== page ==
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Bulb gardening in the South

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Spanish Blue and Pink Bells

Any given spring, you can see a variety of bulbs booming in warm southern states during the spring – and even into summer and fall. But, southern gardeners are faced with a unique challenge. Bulbs need a cold period to be reliably perennial, so tulips, daffodils and hyacinths planted in the south may look weaker or shorter every season, or may die out altogether. Some gardeners use bulbs as annuals and replant every year – but you may be able to avoid that hassle by careful selection of bulb varieties and a little planning.

Early-spring bloomers, such as grape hyacinths, Spanish bells, snowdrops, and crocuses perform splendidly in the south, coming back year after year. Some large-flowered daffodils will fail to bloom repeatedly in the south, but smaller-flowered varieties (like jonquils or tanzetta daffodils) will perform quite well. Southern gardeners should plant spring-flowering bulbs in the late fall (the ground in zones 7 and 8 should be workable even in November and December). Planting too early may cause the bulbs to sprout in the fall, so wait till the weather is below 60 degrees.

For summer, southern gardeners have plentiful options, as many summer bulbs don’t require a hard cold period (and some can’t withstand cold winters – southern gardeners don’t need to dig and store bulbs in the same fashion that northern gardeners do).  Try planting gladiolus, dahlias, irises and lilies in the spring to enjoy summertime blooms.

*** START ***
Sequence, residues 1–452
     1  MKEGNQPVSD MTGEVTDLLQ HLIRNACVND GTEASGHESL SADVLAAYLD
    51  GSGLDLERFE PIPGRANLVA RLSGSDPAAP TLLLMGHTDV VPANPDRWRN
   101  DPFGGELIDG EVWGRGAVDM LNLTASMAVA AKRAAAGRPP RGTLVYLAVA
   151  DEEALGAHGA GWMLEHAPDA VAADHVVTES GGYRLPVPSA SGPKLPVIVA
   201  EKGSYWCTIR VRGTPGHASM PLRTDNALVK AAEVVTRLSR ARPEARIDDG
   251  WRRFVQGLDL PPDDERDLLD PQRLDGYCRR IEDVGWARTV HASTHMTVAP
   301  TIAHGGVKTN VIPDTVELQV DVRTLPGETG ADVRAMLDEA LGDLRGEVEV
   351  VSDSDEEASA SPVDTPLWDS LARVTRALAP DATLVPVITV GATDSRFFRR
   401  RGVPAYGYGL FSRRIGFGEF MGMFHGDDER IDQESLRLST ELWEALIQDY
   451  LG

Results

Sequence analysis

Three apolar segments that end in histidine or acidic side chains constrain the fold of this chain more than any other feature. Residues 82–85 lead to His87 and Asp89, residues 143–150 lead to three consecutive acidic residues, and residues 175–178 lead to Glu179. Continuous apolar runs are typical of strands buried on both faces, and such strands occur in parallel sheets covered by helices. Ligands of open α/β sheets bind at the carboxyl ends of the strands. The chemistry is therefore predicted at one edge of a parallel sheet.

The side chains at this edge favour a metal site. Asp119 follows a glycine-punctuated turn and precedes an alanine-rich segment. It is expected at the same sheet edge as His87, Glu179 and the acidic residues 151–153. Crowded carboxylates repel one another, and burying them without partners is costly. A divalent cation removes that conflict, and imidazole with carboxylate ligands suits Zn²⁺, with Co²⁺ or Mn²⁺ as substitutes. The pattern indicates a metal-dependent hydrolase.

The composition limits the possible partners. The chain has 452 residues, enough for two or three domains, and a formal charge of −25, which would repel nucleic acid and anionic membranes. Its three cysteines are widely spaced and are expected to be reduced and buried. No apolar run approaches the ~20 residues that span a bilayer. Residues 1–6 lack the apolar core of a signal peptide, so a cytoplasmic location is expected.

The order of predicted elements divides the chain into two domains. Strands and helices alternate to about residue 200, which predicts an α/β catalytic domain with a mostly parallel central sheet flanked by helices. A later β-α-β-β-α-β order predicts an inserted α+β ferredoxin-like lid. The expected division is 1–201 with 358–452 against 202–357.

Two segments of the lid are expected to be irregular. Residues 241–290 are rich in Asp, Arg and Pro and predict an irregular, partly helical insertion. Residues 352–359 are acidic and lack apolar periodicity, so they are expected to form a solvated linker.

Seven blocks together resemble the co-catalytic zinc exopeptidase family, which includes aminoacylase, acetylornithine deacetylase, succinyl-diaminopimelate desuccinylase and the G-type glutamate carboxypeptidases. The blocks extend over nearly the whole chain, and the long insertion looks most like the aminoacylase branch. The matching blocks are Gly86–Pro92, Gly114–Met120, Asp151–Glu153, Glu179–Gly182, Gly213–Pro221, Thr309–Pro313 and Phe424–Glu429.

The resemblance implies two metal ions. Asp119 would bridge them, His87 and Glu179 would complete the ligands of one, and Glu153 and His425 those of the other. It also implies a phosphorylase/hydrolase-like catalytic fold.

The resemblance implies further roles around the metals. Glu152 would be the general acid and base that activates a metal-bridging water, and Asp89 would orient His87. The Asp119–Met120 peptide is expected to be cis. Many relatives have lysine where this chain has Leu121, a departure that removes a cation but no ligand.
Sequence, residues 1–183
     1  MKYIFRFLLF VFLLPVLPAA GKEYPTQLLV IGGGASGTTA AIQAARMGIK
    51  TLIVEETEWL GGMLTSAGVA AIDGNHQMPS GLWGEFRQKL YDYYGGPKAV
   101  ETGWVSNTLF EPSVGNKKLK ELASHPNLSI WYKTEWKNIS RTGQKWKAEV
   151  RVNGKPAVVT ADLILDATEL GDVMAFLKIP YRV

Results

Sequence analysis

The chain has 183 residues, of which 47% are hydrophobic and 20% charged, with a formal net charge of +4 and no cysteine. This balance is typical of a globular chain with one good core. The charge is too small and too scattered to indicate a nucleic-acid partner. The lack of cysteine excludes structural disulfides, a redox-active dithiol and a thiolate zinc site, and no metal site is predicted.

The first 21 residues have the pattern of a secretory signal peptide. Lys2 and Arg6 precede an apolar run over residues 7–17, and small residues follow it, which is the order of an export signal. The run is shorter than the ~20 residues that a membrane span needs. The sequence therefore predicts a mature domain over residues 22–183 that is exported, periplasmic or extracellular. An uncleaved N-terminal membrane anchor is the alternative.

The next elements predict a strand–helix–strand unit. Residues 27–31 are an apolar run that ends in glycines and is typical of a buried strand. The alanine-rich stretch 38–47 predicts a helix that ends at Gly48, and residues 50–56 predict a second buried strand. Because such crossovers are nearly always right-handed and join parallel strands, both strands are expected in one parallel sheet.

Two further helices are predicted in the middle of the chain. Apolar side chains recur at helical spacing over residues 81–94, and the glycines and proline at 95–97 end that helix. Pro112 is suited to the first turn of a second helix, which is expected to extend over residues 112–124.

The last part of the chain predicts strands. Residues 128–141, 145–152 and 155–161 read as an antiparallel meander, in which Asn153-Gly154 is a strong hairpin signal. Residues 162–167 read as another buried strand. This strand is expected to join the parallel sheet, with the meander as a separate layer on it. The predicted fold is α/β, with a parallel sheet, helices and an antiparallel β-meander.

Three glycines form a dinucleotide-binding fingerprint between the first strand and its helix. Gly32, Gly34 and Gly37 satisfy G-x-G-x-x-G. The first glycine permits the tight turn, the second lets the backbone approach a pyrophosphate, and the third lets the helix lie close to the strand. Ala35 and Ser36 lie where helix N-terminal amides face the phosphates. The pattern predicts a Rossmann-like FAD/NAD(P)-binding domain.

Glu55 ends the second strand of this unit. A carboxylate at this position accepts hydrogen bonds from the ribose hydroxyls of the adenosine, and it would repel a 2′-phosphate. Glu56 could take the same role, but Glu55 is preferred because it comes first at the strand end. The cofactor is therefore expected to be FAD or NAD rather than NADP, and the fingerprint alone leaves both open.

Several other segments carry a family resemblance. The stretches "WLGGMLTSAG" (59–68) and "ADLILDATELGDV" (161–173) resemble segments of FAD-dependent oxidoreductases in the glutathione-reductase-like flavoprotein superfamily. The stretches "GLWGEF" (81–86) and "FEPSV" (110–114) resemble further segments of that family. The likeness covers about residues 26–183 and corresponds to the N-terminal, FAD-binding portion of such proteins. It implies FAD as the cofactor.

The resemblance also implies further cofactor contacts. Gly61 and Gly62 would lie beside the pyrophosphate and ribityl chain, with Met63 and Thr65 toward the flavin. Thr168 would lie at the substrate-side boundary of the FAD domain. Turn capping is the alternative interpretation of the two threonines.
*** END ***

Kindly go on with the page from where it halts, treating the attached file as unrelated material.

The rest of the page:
While warmer weather is a fairly predictable element of southern living, weekly rainfall is not. In times of drought, bulbs require regular watering during the growing period. However, long periods of rain, or a cold and wet winter, can cause bulbs to rot. So, plant your bulbs in soil that drains very well – if you’re dealing with thick, clay soil, a raised bed garden willed with amended soil may be just the thing to create a livable space for your bulbs.

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Lauren has written 15 post in this blog.

September 29, 2014
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